When to Get Dental X Ray

Dental radiographs, commonly referred to as X-ray films, or informally, X-rays, are pictures of the teeth, bones, and surrounding A radiographic image is formed by a controlled burst of X-ray radiation which penetrates oral structures at different levels, depending on varying anatomical densities, before striking the film or sensor. Teeth appear lighter because less radiation penetrates them to reach the film. Dental caries, infections and other changes in the bone density, and the periodontal ligament, appear darker because X-rays readily penetrate these less dense structures. Dental restorations (fillings, crowns) may appear lighter or darker, depending on the density of the material.

 
The dosage of dental X-ray radiation received by a dental patient is typically small (around 0.005 mSv), equivalent to a few days' worth of background environmental radiation exposure, or similar to the dose received during a cross-country airplane flight (concentrated into one short burst aimed at a small area). Incidental exposure is further reduced by the use of a lead shield, lead apron, sometimes with a lead thyroid collar. Technician exposure is reduced by stepping out of the room, or behind adequate shielding material, when the X-ray source is activated.
 
X-rays help your dentist visualize diseases of the teeth and surrounding tissue that cannot be seen with a simple oral examination. In addition, X-rays help your dentist find and treat dental problems early in their development, which can potentially save you money, unnecessary discomfort, and maybe even save your life.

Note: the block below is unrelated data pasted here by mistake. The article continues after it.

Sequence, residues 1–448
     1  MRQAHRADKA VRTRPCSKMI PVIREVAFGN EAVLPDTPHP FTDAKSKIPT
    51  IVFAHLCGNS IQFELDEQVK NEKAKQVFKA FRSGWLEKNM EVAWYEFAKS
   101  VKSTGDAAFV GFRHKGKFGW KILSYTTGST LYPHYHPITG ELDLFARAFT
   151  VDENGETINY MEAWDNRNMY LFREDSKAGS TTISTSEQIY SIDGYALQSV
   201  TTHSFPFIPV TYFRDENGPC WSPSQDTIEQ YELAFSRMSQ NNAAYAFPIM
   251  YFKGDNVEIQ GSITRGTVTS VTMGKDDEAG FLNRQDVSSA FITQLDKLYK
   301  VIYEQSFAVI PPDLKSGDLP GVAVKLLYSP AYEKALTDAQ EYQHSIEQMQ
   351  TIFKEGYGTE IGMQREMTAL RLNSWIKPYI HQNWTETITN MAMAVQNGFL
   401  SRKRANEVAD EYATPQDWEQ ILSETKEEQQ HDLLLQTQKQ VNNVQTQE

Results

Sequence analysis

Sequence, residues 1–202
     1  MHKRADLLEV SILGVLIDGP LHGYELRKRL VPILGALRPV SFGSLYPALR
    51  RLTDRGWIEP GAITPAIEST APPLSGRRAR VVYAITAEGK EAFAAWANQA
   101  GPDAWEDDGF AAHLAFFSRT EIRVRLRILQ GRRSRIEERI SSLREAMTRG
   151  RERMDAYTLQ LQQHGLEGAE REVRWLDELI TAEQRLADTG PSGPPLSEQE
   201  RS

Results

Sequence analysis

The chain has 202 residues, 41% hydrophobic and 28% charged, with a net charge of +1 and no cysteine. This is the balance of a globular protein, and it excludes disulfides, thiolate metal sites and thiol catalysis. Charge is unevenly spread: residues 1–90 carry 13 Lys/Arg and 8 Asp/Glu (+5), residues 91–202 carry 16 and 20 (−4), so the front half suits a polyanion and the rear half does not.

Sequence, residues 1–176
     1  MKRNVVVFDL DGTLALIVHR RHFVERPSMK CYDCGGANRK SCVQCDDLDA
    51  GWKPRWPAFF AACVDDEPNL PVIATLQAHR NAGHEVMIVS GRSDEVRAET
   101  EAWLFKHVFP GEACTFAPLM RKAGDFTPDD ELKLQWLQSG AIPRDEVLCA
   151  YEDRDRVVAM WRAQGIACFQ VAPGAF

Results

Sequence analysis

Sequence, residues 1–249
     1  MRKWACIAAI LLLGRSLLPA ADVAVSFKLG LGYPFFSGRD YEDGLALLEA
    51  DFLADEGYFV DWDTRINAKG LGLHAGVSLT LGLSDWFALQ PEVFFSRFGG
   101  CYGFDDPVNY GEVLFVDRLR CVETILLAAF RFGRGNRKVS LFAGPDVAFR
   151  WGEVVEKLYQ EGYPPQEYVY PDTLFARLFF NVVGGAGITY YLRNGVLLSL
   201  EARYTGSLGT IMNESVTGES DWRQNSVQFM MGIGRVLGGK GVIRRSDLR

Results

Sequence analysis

What Types of Problems Can Dental X Ray Detect?
 
In adults, X-ray films can be used to:
 
Show areas of decay that may not be visible with an oral examination, especially small areas of decay between teeth
Identify decay occurring beneath an existing filling
Reveal bone loss that accompanies gum disease
Reveal changes in the bone or in the root canal resulting from infection
Assist in the preparation of tooth implants, braces, dentures, or other dental procedures
Reveal abscesses (an infection at the root of a tooth or between the gum and a tooth)
Reveal other developmental abnormalities, such as cysts and some types of tumors
In children, dental X-ray films are used to:
 
Watch for decay
Determine if there is enough space in the mouth to fit all incoming teeth
Determine if primary teeth are being lost quickly enough to allow permanent teeth to erupt properly
Check for the development of wisdom teeth and identify if the teeth are impacted (unable to emerge through the gums)
 
 

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